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Am J Physiol Lung Cell Mol Physiol. 2006 Feb;290(2):L222-31. Epub 2005 Aug 26.

Cigarette smoke suppresses Th1 cytokine production and increases RSV expression in a neonatal model.

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  • 1Respiratory Immunology and Asthma Program, Lovelace Respiratory Research Inst., 2425 Ridgecrest Dr. SE, Albuquerque, NM 87108, USA.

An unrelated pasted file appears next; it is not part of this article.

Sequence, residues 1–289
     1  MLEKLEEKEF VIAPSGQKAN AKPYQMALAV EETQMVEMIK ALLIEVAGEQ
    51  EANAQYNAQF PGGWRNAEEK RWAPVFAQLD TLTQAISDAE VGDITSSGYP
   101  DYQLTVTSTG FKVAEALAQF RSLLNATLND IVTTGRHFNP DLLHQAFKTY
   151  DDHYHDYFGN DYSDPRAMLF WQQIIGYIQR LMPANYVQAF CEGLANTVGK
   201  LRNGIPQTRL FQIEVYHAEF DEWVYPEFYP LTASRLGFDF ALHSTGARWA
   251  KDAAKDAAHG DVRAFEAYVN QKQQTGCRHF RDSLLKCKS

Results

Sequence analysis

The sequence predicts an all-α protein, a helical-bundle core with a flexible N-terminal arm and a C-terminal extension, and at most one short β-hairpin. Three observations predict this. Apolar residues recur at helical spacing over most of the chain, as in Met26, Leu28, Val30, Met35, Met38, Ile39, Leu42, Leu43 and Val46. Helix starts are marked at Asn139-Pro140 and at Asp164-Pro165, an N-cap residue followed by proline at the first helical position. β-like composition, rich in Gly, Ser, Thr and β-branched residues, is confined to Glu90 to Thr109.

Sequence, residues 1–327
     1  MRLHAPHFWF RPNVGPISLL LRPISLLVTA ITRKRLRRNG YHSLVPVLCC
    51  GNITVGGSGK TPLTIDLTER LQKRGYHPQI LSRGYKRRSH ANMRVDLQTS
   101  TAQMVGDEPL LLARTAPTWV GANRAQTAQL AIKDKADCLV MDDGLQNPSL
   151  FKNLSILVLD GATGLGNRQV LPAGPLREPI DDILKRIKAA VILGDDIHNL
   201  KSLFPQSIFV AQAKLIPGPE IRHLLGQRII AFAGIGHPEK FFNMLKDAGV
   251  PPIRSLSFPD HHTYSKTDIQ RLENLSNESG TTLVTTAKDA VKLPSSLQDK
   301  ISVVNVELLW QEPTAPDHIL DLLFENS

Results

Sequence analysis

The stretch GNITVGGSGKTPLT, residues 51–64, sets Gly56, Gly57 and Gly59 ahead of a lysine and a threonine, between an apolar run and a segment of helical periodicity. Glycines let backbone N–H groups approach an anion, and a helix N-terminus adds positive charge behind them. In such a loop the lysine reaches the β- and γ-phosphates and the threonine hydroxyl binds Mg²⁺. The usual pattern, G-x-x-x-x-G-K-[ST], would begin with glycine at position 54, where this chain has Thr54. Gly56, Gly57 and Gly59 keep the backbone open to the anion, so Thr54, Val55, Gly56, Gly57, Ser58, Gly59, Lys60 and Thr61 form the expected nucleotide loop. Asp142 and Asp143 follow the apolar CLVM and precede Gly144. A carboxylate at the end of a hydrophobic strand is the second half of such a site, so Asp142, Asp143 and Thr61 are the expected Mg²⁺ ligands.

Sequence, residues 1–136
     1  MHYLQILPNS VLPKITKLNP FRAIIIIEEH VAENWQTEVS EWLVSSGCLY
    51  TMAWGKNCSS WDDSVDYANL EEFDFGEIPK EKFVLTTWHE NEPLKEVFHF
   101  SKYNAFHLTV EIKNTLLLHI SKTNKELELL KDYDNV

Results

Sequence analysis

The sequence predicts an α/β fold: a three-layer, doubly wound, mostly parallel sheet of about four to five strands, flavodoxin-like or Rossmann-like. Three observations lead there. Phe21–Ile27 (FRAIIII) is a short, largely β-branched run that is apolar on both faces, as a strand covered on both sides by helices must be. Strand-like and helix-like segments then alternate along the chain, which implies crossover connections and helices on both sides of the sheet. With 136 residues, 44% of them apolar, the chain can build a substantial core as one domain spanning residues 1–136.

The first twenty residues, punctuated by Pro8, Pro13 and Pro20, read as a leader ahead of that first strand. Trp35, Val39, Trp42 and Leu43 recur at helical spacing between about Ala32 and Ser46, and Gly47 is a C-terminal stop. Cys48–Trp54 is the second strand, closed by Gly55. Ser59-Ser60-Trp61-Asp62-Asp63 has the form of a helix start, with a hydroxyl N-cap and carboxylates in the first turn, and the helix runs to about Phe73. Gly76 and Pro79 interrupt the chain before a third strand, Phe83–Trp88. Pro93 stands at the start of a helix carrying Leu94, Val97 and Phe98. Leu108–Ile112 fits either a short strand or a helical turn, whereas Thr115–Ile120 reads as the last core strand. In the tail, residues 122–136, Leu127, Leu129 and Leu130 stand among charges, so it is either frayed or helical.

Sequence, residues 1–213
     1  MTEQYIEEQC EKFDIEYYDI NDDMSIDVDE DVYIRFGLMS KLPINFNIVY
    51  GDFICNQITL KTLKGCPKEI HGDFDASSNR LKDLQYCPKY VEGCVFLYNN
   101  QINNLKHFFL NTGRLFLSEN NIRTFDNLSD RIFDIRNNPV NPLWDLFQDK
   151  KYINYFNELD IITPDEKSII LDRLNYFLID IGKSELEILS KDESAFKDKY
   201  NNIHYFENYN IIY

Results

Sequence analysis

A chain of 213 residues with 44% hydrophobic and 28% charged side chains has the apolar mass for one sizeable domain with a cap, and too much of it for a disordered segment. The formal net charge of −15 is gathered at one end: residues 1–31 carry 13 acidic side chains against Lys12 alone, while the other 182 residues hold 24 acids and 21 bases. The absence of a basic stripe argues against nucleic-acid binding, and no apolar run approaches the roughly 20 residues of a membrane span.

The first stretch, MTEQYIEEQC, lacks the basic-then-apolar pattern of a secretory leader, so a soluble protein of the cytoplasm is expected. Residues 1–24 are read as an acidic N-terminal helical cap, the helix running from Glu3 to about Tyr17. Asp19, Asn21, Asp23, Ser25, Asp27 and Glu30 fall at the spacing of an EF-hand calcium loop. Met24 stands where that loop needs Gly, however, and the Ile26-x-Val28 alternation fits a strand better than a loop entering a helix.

Respiratory syncytial virus (RSV) infects approximately 90% of young children by the age of 2 yr, with peak rates occurring during 2-6 mo of age. Exposure to side-stream cigarette smoke (SS) may increase the incidence or manifestation of an RSV infection. We hypothesized that exposure to SS would alter the subsequent immune response to RSV infection in neonatal mice. BALB/c mice were exposed to air or 1.5 mg/m3 of SS from day (d) 1 up to 35 d of age. A subset was intranasally infected with 4x10(4) PFU of RSV/g body wt on d 7 and rechallenged at 28 d of age. Immune responses were assessed on d 4 and 7 after RSV rechallenge. Both air- and SS-exposed mice responded to RSV rechallenge with neutrophilia and decreased Clara cell secretory protein levels within the lung. However, an increase in bronchoalveolar lavage fluid eosinophils, in addition to reduced levels of Th1 cytokines (IFN-gamma and IL-12), decreased lung tissue inflammation, and decreased mucus production was observed in SS-exposed mice compared with air-exposed mice after RSV rechallenge. Ultimately changes in cytokine and inflammatory responses due to SS exposure likely contributed to increased viral gene expression. These results suggest that SS exposure plays a significant role in shaping the neonatal response to RSV infection.

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